Must all enrolled actuaries complete the Qualification Standards’ CE requirements? The answer is an extremely qualified no. Only enrolled actuaries whose practice is limited to certifications on government forms-including filing Schedules SB or MB, forms for the Pension Benefit Guaranty Corp. (PBGC), and certifications to the PBGC for a standard termination or the AFTAP-are excused from the CE requirements of the Qualification Standards.
For the vast majority of enrolled actuaries, I believe this exemption doesn’t apply.
Why? Because if an enrolled actuary performs services that aren’t covered under the exemption, then he or she is subject to the annual 30 hours of CE required by the Qualification Standards. Any actuary seeking to avoid those 30 hours of annual CE would have to steer clear from many of the services that enrolled actuaries routinely offer, including:
- Providing actuarial services to nonERISA plans, such as government, non-qualified deferred compensation, and church plans;
- Communicating the maximum taxdeductible contribution to a principal;
- Ascertaining the cost effect of a change in plan design, such as the cost effect of establishing a plan;
- Determining the effect of a merger or spinoff;
- Providing actuarial testimony, such as in marital disputes or other litigation matters;
- Calculating accounting information under the accounting standards codification of the Financial Accounting Standards Board;
- Computing benefit restrictions under the top-25 rule in Section l.40l(a)(4)-5.
And this list isn’t exhaustive.
A Cautionary Tale
Consider, for instance, an enrolled actuary who has relied on the exemption and is asked by a client to determine what the cost impact might be for a change in a retirement plan’s benefit structure. If he or she has met the Qualification Standards’ CE requirements, then-and only then-may he or she respond. An enrolled actuary who doesn’t have enough qualifying hours of CE must decline to answer or enlist the services of another actuary who has the required hours of CE. While this could spark client concerns about his or her competence, the other option-responding to the request, despite not having enough qualifying CE hours-is worse. By responding, that actuary is in violation of the Code of Professional Conduct and subject to discipline.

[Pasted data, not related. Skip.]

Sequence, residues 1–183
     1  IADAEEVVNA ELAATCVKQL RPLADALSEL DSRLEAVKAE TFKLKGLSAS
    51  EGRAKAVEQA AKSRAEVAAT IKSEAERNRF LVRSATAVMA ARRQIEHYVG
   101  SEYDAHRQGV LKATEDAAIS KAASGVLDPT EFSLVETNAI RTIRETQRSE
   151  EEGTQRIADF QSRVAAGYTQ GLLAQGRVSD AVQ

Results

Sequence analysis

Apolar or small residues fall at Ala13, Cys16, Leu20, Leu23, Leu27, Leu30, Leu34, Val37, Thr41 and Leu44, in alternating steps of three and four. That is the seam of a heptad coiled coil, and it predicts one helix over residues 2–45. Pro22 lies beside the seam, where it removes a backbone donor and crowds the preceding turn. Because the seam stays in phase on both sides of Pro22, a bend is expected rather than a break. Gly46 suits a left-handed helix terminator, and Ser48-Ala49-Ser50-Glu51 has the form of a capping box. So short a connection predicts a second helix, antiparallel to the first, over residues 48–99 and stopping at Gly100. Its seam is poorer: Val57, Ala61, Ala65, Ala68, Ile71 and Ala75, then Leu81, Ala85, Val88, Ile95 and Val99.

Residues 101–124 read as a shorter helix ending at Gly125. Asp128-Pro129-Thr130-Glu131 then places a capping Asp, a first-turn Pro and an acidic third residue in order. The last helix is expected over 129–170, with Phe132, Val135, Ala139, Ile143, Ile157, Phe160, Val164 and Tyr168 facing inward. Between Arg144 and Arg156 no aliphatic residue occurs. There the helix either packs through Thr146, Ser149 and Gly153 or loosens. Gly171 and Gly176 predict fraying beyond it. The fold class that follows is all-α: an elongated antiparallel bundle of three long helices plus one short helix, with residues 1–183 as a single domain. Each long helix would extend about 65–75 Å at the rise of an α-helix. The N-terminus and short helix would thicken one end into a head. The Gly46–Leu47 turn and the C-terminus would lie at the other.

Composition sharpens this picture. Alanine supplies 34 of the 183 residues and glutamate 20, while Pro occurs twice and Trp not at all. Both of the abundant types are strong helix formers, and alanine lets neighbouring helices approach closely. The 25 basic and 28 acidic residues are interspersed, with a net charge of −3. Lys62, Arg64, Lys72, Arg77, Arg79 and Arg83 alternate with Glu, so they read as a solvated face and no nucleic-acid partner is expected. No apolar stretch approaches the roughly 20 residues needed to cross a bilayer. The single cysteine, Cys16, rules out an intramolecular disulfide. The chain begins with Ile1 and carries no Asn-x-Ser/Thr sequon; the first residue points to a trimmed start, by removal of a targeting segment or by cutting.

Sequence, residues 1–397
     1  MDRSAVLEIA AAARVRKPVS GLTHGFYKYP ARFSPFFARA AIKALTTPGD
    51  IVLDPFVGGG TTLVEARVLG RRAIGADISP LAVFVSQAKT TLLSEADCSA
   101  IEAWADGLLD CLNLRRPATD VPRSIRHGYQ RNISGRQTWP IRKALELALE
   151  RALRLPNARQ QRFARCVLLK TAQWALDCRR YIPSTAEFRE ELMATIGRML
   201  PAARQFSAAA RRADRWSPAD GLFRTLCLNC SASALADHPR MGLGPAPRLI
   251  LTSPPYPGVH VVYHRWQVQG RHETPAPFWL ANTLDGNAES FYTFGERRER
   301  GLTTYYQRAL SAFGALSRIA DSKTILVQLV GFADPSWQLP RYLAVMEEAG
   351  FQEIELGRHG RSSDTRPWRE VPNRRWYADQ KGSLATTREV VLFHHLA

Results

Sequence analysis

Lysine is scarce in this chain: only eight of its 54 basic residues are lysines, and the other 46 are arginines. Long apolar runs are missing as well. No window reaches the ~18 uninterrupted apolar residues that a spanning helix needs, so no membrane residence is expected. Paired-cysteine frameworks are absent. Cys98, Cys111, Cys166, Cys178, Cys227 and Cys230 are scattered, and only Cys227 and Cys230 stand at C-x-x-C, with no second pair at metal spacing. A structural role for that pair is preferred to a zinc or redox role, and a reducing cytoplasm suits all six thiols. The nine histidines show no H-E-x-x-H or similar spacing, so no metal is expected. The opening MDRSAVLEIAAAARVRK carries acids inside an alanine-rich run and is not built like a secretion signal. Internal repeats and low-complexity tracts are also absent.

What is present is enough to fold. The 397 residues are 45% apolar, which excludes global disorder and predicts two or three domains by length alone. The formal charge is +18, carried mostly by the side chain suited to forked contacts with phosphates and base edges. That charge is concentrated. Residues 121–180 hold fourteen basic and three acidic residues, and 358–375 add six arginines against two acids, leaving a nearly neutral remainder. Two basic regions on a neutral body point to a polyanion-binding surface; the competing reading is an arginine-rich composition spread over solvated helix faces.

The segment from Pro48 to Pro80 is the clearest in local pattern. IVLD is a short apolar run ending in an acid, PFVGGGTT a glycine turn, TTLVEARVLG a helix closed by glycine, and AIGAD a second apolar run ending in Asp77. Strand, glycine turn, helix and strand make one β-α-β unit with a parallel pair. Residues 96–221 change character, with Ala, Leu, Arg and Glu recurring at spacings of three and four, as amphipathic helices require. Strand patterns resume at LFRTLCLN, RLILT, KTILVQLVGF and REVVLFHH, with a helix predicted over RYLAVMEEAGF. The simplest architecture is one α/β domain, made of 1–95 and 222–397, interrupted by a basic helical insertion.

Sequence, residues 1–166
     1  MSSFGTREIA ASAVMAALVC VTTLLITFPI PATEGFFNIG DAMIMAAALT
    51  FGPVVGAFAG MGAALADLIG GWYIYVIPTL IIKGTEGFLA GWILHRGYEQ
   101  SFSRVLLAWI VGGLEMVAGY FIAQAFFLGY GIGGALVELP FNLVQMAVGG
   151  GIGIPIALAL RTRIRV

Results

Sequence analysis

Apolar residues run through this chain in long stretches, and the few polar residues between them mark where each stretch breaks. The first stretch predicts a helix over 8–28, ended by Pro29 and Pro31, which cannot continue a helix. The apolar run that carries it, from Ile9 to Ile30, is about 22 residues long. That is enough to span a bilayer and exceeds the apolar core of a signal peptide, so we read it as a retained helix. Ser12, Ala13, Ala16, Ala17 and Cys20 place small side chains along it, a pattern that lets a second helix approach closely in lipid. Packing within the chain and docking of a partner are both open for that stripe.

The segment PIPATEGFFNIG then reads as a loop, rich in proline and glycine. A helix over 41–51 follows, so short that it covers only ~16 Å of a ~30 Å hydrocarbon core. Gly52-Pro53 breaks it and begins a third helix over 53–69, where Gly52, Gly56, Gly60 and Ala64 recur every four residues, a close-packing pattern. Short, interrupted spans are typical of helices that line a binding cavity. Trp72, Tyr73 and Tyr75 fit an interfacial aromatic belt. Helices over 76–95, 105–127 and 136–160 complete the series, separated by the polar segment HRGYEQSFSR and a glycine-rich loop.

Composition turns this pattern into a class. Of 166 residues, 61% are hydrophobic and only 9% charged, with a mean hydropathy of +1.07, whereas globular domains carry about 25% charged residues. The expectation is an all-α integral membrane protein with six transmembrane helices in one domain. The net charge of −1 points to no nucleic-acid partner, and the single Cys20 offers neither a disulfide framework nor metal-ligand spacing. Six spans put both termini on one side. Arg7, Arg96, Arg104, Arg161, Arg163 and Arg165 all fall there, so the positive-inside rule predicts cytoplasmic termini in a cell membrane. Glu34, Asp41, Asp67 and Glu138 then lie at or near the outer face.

Is it really that difficult to meet the CE requirements of both the JBEA and the Qualification Standards? I don’t think so. If an enrolled actuary annually attends 12 hours of formal (JBEA-approved) core programs, of which three hours are programs dedicated to professionalism/ ethics, reads regulations on retirement plans or other books and articles on relevant technical topics, and participates in study groups or logs into an actuarial Listserv for 18 hours each year, he or she will have met both standards.
When any actuary takes on an assignment, he or she must do a little soul-searching: Do I truly believe I’m qualified to tackle this task, even if I’ve met the Qualification Standards and am an enrolled actuary?
Everyone relishes a challenge. But many times it’s what you don’t know that gets you in trouble. I’m not saying you shouldn’t branch out into other areas. But you need to take measures to ensure that the assignment is done properly. This may require thorough research, working under the guidance of another actuary, or having your work peer-reviewed by another actuary. The CE requirements in the Qualification Standards and those set by the JBEA all serve a common goal: ensuring that the services provided by actuaries are done with skill and with care.
RICK BLOCK, an associate of the Society of Actuaries, a member of the Academy, a member of the American Society of Pension Professionals and Actuaries, and a member of the Actuarial Board for Counseling and Discipline, is chief actuary for Block Consulting Actuaries Inc. in El Segundo, Calif.